Environmental considerations, too, have become much more embedded in the mining industry’s culture than they were 20 years ago due to policy shifts and many companies’ increasing focuses on corporate social responsibility.
Governments of most countries where mining projects are located require detailed ESIAs before they grant environmental permits and NGOs are much more focused on environmental issues, prompting companies to be proactive about their environmental decisions.
To reduce its environmental impact, ASX-listed Infinity Lithium, which is developing the San Jose lithium project in Extremadura, western Spain, has opted to use more benign reagents than those typically employed in converting lithium metal into commercial chemical products.
The company plans to use sodium sulphate and potassium sulphate, a fertilizer, during the roasting phase of its conversion process, and water during the subsequent leaching phase, rather than sulphuric acid a far more environmentally deleterious reagent widely used by lithium producers. The potassium sulphate will then be almost 100 percent recycled, which limits its consumption substantially, according to Infinity.
Such decisions improve the environmental profile of San Jose, and the company hopes that such pre-emptive measures will stand it in good stead, as environmental regulations on industrial operations in Europe become increasingly strict.
Aside from environmental legislation, until fairly recently, there has been little rigor in the way non-mandatory codes are applied, and even less understanding about what to look for as evidence of good ESG.
There has also been criticism that different sets of international principles are disconnected and enforced by too many disparate organizations when they are not required by national law.
Bodies such as the United Nations Environment Program (UNEP) through its Principles for Sustainable Insurance (PSI) initiative and the World Gold Council through its Responsible Gold Mining Principles are lobbying for insurance providers to take responsibility for enforcing standards, by requiring clients to uphold ESG principles in order to receive cover.
Two decades ago, most mining companies assumed that ESG could be addressed after what they considered to be more pressing concerns, such as securing assets, exploration activity, financing and construction.
Today, ESG is becoming part of the regular workstream for some of the larger mining IPOs.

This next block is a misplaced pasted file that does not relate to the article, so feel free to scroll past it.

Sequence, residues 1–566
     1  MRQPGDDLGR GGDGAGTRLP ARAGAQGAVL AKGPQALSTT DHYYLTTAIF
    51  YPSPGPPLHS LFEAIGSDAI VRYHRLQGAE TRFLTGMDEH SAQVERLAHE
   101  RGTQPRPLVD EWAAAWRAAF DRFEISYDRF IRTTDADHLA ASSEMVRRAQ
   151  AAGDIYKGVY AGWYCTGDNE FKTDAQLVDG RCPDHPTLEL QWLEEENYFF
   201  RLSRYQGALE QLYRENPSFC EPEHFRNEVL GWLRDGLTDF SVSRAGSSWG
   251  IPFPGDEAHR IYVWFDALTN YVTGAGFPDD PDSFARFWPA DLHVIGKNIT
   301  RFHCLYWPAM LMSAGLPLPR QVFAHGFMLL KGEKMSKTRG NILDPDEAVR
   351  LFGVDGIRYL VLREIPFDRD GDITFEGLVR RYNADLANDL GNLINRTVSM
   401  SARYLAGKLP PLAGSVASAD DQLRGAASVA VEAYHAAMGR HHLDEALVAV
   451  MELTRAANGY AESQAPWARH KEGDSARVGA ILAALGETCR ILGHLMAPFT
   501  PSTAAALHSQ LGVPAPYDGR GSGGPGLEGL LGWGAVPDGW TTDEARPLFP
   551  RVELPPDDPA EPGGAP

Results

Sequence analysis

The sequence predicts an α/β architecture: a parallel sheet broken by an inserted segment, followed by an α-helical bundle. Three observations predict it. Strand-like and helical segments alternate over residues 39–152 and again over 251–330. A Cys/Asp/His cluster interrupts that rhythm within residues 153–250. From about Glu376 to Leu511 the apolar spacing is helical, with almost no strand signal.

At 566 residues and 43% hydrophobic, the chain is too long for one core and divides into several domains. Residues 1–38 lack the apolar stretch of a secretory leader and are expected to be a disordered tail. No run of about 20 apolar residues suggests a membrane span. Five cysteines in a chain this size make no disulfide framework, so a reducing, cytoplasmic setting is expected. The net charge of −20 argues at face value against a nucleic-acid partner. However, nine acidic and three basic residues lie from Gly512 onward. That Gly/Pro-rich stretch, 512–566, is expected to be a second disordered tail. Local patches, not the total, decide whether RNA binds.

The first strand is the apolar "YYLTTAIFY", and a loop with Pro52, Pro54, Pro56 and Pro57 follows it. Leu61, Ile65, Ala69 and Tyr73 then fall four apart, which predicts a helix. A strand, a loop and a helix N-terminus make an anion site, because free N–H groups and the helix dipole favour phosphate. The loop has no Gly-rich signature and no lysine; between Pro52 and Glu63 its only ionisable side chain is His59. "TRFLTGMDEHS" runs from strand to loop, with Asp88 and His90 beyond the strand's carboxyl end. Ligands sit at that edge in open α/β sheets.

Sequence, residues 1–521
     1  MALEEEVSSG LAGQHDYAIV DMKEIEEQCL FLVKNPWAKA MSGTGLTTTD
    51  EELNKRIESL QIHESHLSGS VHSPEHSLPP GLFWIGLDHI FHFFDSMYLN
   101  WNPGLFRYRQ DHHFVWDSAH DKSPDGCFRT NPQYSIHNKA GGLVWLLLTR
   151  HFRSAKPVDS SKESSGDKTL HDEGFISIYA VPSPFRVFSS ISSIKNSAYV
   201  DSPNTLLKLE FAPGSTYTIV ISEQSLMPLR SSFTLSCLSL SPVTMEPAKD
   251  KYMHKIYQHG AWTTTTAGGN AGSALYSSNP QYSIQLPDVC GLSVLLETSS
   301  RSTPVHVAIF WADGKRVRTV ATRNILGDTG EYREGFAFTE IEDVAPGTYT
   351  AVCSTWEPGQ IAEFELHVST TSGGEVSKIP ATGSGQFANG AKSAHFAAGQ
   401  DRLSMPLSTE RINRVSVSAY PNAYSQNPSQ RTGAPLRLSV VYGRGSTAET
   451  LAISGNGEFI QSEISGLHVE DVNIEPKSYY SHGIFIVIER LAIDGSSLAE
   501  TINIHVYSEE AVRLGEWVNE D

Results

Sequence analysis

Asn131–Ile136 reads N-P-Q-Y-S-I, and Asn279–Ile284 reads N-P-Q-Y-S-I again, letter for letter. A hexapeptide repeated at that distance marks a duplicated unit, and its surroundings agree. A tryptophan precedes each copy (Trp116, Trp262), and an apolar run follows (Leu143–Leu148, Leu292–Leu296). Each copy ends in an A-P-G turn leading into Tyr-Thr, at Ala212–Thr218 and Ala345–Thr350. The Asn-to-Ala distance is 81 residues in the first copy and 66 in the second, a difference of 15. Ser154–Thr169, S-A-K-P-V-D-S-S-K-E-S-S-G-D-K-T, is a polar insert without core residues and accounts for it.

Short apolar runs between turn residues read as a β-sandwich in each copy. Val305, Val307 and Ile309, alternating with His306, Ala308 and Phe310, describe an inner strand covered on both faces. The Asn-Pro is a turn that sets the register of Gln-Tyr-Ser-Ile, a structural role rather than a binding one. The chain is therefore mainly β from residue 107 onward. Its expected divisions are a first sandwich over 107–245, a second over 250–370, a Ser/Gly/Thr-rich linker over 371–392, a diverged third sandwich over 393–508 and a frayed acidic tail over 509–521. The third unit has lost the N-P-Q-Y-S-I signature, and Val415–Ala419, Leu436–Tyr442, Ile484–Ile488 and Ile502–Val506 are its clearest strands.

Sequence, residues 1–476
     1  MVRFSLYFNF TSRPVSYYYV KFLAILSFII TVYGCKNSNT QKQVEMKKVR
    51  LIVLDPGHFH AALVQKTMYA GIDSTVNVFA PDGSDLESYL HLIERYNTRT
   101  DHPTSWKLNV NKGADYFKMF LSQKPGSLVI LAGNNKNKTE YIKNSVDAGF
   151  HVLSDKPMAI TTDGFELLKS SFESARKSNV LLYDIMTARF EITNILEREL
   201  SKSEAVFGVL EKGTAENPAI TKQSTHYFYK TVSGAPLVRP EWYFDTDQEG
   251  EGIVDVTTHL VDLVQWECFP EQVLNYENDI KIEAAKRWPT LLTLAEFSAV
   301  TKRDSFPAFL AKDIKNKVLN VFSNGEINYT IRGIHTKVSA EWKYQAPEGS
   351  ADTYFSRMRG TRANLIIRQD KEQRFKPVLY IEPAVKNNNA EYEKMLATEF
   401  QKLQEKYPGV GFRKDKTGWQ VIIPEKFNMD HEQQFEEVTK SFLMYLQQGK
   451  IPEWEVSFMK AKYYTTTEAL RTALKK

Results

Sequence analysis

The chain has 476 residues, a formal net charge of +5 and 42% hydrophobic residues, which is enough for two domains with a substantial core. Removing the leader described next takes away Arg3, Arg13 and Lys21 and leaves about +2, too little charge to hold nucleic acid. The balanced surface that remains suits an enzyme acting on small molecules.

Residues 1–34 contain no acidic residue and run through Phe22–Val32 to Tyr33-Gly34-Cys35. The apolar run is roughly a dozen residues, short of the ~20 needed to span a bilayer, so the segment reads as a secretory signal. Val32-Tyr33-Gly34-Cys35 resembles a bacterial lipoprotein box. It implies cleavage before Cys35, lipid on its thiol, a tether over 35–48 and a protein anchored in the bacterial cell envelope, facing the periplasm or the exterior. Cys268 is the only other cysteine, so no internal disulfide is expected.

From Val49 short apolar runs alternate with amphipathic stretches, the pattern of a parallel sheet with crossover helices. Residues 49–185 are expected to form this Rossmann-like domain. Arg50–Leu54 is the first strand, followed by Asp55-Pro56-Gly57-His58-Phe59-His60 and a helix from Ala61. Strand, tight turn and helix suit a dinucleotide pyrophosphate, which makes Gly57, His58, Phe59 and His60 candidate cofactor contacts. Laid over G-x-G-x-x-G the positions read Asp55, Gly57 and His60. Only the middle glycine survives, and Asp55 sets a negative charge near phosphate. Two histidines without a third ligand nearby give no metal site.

ESG also comes up in investor roadshows, where the focus can vary from cursory “checkbox” inquiries, to forensic interrogations.
When faced with ambiguous queries, mining companies should illustrate clearly what ESG risks they have identified and what they have done specifically to mitigate these.
While it is becoming accepted that good ESG reduces project risk, demonstrating its value as a financial metric continues to be difficult.
Some companies approach this by modeling the financial impact of closing a mine for an extended period following an accident, or during a blockade by unhappy communities.
It also has been suggested that ESG risk needs to be thought of in the same way as other technical risks. No mining company would operate without a health and safety manager, for example, but relatively few employ proper community engagement staff.
Points to remember when approaching ESG
While many mining companies still come in for criticism on ESG, it is not always the case that they are doing it badly; sometimes, they are just not reporting their activities in a way that satisfies external monitors.
Management teams need to ensure they generate the right sort of data to inform their reporting, especially as guidelines continue to be updated.
Management plans need to be iterative and flexible enough to adapt to changes in project technicalities or the priorities of the host community or government.
Governments can be both capricious and inflexible, but this is a risk mining companies need to accept.
Resource cycles can make it difficult to deliver on promises, but every effort needs to be made to maintain community relations, regardless of commodity price movements.
4. Push for best practice
The mining sector currently lacks a level playing field when it comes to ESG. This should be an impetus for wider adoption of better practices, rather than a motive for rejecting ESG.